Hypoglycemia is a major limiting factor in the glycemic management of type 1 and type 2 diabetes. In patients with type 2 diabetes, severe hypoglycemia has been shown to be the most common acute adverse effect of glucose-lowering therapy and it is associated with poor outcomes.1 Mortality rates associated with key trials have demonstrated that severe hypoglycemia is significantly more likely in patients who received intensive glycemic control, presenting a challenge for clinicians who seek both to control blood glucose levels and to provide better patient outcomes. Patients who experience hypoglycemia typically have a long duration of diabetes, a known history of hypoglycemia, advanced atherosclerosis, and/or advanced age/frailty. Therapeutic blood glucose targets should be personalized and evidence suggests that patients who experience hypoglycemia may benefit from less aggressive glycemic control. The selection of pharmacologic therapies should take into account a patient’s cardiovascular risk, renal function, risk of hypoglycemia, and weight.1

Hypoglycemia is also associated with reduced cognitive function. Individuals with poor cognitive function have more severe hypoglycemia. A long-term study of older patients with type 2 diabetes demonstrated that individuals with one or more recorded episodes of severe hypoglycemia had a stepwise increase in their risk of dementia. Similarly, as cognitive function decreases, the risk of severe hypoglycemia increases. Therefore, it is important to tailor glycemic therapy to help prevent hypoglycemia in individuals with cognitive dysfunction.1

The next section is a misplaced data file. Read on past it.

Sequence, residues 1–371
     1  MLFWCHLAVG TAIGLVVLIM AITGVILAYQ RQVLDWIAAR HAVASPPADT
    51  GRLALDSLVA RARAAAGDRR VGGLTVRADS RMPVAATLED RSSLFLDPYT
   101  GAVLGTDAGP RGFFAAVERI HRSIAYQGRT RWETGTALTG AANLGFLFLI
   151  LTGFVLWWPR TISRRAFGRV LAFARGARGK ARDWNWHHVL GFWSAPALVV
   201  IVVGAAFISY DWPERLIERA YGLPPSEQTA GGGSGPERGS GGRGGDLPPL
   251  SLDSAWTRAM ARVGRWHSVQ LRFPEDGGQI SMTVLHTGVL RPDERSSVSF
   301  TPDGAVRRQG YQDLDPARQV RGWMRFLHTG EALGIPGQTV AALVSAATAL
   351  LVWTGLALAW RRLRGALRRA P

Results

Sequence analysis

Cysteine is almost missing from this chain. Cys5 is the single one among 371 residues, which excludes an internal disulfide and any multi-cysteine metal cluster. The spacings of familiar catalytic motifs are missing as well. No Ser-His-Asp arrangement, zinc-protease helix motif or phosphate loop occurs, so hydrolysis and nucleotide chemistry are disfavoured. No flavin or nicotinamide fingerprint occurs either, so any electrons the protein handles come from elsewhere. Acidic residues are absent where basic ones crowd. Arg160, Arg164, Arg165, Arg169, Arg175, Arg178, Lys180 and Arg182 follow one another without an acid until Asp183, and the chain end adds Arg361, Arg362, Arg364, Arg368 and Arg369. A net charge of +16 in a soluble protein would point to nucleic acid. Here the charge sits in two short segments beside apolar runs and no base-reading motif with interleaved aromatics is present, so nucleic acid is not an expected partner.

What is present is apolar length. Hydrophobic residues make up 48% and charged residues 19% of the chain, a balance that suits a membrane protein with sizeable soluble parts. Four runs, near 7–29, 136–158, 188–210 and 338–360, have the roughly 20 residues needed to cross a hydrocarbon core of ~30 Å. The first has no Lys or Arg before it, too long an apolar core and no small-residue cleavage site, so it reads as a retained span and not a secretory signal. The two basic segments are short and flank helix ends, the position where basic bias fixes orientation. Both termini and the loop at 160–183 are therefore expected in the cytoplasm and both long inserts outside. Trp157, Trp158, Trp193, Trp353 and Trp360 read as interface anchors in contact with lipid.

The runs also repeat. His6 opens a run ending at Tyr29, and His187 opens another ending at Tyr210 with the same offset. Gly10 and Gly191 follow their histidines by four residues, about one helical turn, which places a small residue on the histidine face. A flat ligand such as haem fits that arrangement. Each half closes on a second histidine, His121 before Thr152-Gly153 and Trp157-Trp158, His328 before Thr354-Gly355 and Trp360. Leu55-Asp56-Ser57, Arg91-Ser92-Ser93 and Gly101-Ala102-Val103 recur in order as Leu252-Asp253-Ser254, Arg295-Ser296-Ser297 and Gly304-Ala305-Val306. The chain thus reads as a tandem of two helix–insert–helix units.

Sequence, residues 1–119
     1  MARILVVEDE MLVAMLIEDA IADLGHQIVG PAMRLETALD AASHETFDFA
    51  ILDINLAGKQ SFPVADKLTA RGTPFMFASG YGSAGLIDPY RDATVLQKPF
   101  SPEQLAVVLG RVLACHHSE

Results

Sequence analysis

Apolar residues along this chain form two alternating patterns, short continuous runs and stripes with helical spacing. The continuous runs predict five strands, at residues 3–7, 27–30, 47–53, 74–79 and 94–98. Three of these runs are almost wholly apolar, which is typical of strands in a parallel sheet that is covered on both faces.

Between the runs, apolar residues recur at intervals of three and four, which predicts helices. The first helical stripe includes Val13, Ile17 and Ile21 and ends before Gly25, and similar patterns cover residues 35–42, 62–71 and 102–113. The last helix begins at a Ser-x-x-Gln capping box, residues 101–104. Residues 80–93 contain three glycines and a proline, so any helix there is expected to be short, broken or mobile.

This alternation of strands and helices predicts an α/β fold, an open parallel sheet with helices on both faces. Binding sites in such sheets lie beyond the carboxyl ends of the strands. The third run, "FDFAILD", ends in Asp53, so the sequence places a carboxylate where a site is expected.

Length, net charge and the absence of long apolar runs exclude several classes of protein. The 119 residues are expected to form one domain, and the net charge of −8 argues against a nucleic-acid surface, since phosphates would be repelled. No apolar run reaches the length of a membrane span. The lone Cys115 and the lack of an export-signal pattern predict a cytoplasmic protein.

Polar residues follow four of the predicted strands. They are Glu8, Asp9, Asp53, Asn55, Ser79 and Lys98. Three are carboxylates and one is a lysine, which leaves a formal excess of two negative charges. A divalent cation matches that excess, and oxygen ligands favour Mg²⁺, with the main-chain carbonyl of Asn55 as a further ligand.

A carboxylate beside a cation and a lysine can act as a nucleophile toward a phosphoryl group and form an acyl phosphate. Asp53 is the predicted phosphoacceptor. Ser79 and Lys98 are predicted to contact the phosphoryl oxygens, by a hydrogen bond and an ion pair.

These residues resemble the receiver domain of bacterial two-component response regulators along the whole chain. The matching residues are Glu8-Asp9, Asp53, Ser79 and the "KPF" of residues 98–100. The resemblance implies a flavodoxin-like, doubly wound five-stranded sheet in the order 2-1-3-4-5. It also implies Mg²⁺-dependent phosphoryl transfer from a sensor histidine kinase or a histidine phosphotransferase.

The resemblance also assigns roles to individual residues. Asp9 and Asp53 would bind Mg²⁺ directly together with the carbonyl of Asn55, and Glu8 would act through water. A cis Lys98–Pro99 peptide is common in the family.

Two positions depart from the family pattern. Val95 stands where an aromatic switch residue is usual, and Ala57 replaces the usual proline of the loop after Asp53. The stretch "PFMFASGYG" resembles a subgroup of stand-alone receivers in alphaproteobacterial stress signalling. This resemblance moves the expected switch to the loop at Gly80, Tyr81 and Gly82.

Individuals who are anxious or concerned about diabetes complications or treatment should be screened for anxiety, which may interfere with important facets of self-management. Patients who are insufficiently aware of or who fear hypoglycemia will benefit from education and training to help them become more aware of the importance of self-management.1

Risk Factors for Hypoglycemia

It is important when selecting therapy options that physicians assess a patient’s risk of hypoglycemia.

HbA1c Goals